Dshock and Sshock are random variables that represent demand and supply shocks. All variables are written as natural logarithms so PF-P is the inflation rate and YF-Y is the growth rate of real GDP. The star means multiplication and beta1 and beta 2 are numbers that describe policy.

Equation 1 (sometimes called the Fisher equation) is derived, in New Keynesian models, from the choices made by a representative person with superhuman powers of perception who chooses to optimally allocate resources between the present and the future. It says, in words, that the price of future goods, relative to current goods, is proportional to the ratio of consumption this year to next.

Equation 1 (sometimes called the Fisher equation) is derived, in New Keynesian models, from the choices made by a representative person with superhuman powers of perception who chooses to optimally allocate resources between the present and the future. It says, in words, that the price of future goods, relative to current goods, is proportional to the ratio of consumption this year to next.

Equation 2 reflects central bank policy and it is sometimes called a Taylor Rule after John Taylor who showed that an equation like this does a pretty good job of describing how the Fed actually behaved in the period preceding the Great Recession.

Equation 3 specifies how the real and the monetary economy interact, and, in the New-Keynesian model, it takes the form,

Eqn 3A. P-PL = PF-P + k(Y-Ybar) + Sshockwhere k is a number and PL is last year’s price index. This is called the New Keynesian Phillips curve and it plays the same role in New Keynesian economics that the Nicene creed plays in Christianity.

Almost all of the papers at the conference last week accepted equation 2 and most of them accepted some version of equation 3.

The focus of pretty much every paper at the St. Louis Fed conference was on how to replace Equation 1. That is an interesting development, which reflects the fact that monetary economists have woken up to the fact that there is a problem with the representative agent assumption.

That is a start. And it is a good start. But, as I argued, in my discussion of ABSS, the problem with monetary economics is deeper than replacing the representative agent assumption: although that is certainly a big part of the problem. The problem is with the rational expectations assumption.

The New Keynesian monetary model is a child of the rational expectations revolution. In the dark days, before Robert Lucas wrote his game changing paper, Expectations and the Neutrality of Money, economists had a more nuanced approach to super-human powers of perception. Here is the monetary model we worked with back then.

Eqn 1B. R – (EPF-P) – (YF-Y) = Rstar + Dshock

Eqn 2B. R = F(EPF-P,Y-Ybar)

Eqn 3B. H(P-PL,Y-Ybar) = SshockThis looks superficially like the New Keynesian model. But the differences are deep. First, I have replaced PF, the realization of the future price, with EPF, our current belief about what PF will be. (I could have done the same with YF, but changing PF to EPF is sufficient to make my point.) Second, back in the dark days, we worked with a version of the Phillips curve that was purely backward looking. More on that point in a future blog.

Let me deal first, with expectations. By replacing PF with EPF I have added a new variable. The belief about what the future price will be is NOT the same as what it actually is. And because beliefs are not always correct, we need another equation. That equation, pre Lucas, was called adaptive expectations and it took the form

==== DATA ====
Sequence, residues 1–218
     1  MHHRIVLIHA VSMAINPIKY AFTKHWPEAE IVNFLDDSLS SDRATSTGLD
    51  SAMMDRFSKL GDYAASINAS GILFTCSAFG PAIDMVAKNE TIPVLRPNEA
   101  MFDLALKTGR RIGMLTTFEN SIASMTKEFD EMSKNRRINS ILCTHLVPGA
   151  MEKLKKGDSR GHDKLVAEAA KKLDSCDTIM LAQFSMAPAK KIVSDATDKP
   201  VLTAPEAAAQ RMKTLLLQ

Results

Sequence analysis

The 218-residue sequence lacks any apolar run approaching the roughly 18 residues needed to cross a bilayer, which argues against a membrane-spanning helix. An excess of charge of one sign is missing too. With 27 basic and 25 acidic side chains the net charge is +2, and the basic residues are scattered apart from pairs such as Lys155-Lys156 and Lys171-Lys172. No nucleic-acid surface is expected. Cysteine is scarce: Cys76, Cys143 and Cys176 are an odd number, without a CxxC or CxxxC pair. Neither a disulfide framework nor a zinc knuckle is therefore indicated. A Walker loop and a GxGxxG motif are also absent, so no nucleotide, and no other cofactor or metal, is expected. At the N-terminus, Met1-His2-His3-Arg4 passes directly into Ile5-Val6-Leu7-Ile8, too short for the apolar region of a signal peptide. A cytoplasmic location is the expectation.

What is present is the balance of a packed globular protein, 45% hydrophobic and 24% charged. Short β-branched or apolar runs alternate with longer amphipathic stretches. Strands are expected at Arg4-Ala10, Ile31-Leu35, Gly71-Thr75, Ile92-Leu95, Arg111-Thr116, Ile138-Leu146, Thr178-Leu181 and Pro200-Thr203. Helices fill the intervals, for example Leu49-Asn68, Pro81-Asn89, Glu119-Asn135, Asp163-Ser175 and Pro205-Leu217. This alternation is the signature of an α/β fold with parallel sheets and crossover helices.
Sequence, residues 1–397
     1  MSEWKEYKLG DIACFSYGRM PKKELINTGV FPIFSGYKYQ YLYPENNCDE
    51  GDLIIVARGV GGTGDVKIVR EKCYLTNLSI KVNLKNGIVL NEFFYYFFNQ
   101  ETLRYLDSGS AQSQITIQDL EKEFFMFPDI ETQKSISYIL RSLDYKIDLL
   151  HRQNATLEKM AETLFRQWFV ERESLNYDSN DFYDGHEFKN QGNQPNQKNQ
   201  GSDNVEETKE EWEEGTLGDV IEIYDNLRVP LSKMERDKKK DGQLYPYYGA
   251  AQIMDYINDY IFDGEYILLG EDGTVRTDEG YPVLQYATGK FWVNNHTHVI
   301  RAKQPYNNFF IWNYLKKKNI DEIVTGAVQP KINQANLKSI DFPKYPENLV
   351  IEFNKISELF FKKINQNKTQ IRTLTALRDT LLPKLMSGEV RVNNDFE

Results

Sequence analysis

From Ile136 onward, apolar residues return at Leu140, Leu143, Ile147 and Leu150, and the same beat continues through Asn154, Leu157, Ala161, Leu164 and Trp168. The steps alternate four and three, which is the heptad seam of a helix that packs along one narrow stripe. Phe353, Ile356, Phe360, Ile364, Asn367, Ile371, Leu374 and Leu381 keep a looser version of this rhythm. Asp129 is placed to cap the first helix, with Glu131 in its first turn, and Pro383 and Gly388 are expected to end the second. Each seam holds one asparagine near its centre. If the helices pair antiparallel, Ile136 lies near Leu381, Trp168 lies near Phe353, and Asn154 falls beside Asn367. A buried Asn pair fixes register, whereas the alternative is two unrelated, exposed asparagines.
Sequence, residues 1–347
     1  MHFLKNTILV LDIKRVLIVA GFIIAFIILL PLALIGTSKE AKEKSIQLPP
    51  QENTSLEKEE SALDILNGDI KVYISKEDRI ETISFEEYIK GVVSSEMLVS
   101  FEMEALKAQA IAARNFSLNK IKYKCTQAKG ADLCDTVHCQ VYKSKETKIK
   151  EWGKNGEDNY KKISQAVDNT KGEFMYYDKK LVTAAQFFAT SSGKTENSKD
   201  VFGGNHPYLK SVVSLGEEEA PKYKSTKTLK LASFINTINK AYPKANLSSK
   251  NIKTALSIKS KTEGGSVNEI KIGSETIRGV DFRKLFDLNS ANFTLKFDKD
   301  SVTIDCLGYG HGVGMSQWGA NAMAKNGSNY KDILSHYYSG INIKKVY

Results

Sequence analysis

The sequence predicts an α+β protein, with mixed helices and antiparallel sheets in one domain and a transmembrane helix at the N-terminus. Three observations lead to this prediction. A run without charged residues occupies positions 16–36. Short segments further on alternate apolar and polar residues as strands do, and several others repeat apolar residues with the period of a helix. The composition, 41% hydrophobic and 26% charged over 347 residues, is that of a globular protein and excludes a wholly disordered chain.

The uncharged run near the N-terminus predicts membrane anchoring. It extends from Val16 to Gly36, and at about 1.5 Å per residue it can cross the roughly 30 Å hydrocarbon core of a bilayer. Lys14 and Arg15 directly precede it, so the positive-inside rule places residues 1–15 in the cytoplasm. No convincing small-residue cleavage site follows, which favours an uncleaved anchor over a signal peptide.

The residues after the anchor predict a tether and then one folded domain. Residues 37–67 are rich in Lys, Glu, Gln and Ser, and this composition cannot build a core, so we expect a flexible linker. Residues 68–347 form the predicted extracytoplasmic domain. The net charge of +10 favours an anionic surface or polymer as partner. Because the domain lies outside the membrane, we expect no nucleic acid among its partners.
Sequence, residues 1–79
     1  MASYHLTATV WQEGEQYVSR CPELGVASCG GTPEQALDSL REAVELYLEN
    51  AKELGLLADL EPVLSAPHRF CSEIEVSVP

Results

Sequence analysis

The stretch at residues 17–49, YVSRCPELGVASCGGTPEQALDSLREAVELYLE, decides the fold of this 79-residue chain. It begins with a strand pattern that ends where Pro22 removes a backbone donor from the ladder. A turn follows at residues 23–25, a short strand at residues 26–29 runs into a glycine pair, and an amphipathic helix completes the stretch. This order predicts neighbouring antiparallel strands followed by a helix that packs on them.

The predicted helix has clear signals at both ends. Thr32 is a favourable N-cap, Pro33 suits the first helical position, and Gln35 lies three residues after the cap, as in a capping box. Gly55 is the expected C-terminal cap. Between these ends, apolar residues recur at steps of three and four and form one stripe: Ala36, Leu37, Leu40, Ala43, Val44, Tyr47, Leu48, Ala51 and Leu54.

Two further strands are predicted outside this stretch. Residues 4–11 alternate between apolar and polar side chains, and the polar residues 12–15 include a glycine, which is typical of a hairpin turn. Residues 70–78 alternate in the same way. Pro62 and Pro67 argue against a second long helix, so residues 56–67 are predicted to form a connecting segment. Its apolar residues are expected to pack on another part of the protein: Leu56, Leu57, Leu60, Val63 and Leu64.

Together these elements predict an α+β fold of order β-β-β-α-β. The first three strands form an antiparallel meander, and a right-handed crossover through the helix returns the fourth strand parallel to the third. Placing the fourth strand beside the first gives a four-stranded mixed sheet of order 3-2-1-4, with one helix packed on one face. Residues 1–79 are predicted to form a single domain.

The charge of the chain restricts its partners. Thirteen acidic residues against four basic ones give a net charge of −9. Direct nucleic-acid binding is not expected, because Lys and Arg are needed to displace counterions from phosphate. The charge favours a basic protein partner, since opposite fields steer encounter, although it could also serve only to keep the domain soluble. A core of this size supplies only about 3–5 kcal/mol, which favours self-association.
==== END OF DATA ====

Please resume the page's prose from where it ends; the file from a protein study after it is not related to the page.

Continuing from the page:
Eqn 4B. EPF-P = F1(X)where X is stuff we observe this year.

In words, expected inflation between this year and next year is some function of things we can observe this year. For example, Friedman used the following form for the function F1( )

Eqn 5B. EPF-P = lambda*(P-PL) + (1-lambda)*(EPFL-PL)which says that our belief of inflation is a weighted average, with weight lambda, of last period’s belief of this year's inflation rate and the inflation rate that actually happened. People don’t have superhuman powers of perception. They do, pretty much, what econometricians do.

So how were we bamboozled into accepting rational expectations? Bob Lucas argued that, just as econometricians add random shocks to their models, so should theorists. And if the theorists’ model has shocks: the people who inhabit the model should recognize that fact. According to Bob, EPF is not the same as PF because PF is a random variable.

If people inhabit a stationary environment, they will learn that every time they see X, P is equal to P(X). The rule that they use to forecast PF is irrelevant. In equilibrium, people will learn to forecast in a way that is unbiased. In equilibrium, PF will not equal EPF every time. But these two variables will be equal on average.

This was a brilliant and beautiful argument. But Bob slipped in an unwarranted assumption. He assumed that for given fundamentals, there is a unique rational expectations equilibrium. That assumption is false in every monetary general equilibrium model that anyone has ever written down. And it was false in the model that Bob used to make his point as Mike Woodford and I pointed out at the time and as I have tried to hammer home in pretty much everything I’ve ever written since then.

So how does this relate to the papers at the St Louis Fed conference? And how should it shape the way we move forward?

Let me be clear. Rational expectations is a great assumption. In the words of Abraham Lincoln: you can’t fool all of the people all of the time. But, even in a stationary environment where the world is not changing in unpredictable ways, RATIONAL EXPECTATIONS IS NOT ENOUGH TO DETERMINE BELIEFS. The forecast rule, equation 4B, is a separate independent equation that represents beliefs.

The moral of my story is this: Beliefs are fundamental: whatever your religion.